Feline acne develops in the sebaceous
glands on the underside of the chin and edges of the lips. Blockage of skin
pores by excess sebum or keratin is a predisposing cause. It is more common in
cats with oily skin. It is not
analogous to acne in people.
Feline acne is identified by finding blackheads or pimplelike bumps that come to a head and
drain pus. Swelling of the entire chin and lower lips may be seen in severe
Shedding is a cat’s natural process of losing dead hair. Outdoor cats may lose more hair in the spring and fall and retain more fur in the winter, while indoor cats can shed all year round. Regularly grooming your cat and vacuuming hair from your house should minimize the inconvenience of shedding. However, if you see bald patches in your cat’s fur or notice a significant loss of hair, the underlying cause may be a health-related problem and should be investigated by a veterinarian.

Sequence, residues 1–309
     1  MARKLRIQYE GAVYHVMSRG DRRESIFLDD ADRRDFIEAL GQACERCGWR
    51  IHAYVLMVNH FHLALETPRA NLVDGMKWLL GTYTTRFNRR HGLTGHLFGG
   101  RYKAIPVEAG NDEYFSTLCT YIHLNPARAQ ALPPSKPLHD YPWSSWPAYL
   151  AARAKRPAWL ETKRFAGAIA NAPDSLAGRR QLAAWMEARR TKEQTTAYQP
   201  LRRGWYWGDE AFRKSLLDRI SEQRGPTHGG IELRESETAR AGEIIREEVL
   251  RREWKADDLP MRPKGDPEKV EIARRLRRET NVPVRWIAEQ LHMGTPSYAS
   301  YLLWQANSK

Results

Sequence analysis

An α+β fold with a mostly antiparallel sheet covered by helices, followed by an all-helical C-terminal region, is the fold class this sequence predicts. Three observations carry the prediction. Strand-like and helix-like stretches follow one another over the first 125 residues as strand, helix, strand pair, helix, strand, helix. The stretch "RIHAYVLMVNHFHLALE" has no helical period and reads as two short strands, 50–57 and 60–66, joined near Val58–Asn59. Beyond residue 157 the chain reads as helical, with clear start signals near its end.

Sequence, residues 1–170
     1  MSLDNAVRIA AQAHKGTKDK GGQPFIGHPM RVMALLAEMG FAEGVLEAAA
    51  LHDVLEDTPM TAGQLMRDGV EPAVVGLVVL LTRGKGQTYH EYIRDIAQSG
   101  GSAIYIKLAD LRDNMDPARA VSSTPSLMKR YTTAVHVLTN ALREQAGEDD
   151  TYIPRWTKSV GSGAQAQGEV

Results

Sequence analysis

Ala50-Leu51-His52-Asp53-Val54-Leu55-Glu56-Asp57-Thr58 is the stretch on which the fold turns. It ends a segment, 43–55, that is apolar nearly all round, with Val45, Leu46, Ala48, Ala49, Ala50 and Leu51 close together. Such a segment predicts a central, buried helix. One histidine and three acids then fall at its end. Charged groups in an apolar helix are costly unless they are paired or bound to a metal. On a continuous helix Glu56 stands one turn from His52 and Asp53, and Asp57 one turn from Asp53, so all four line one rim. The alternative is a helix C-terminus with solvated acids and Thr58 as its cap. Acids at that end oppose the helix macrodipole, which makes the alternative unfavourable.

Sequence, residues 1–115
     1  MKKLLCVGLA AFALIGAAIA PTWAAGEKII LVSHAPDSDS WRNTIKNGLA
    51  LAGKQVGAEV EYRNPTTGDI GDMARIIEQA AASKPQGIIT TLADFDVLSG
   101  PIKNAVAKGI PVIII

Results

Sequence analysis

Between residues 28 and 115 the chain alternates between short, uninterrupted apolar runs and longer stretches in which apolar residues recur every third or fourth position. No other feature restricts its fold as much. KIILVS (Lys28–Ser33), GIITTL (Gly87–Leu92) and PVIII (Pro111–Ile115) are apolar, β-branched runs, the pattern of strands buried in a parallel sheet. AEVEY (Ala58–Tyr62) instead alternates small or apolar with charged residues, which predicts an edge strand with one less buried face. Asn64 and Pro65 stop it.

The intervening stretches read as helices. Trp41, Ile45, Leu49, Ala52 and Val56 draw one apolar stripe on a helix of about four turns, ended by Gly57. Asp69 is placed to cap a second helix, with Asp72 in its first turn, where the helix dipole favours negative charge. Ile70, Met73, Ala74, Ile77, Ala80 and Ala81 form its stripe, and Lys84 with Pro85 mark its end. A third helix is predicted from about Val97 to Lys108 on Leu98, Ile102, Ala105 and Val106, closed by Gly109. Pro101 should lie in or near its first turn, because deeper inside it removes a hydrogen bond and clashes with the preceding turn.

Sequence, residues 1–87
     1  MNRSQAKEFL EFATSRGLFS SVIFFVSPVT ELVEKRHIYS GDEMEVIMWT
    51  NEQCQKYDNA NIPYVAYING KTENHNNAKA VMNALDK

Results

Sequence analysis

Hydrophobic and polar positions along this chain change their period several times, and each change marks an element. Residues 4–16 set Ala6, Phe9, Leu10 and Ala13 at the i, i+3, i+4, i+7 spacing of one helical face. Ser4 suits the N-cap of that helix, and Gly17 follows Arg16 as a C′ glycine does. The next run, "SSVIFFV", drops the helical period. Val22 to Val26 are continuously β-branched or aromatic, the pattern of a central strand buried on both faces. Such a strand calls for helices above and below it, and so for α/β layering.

A similar condition can be caused by an allergic reaction to rubber or
plastic food and water bowls. In those cases, simply changing to stainless
steel or ceramic dishes will clear up the condition.
Treatment: The infection usually responds to cleansing of the skin twice a
day with an ointment or gel containing 2.5 to 5 percent benzoyl peroxide
(OxyDex), chlorhexidine (Nolvasan) or povidone-iodine (Betadine). When excess
sebum is a factor, the skin should be cleansed with a medicated shampoo for
cats. An extensive or deep infection may require antibiotics. Because the
underlying problem remains the same, acne often recurs when treatment is
stopped. Some cats do better if switched from a wet to a dry food, or if the
owner cleans their chin after every meal.
WebMD Veterinary Reference from "Cat Owner's Home Veterinary Handbook"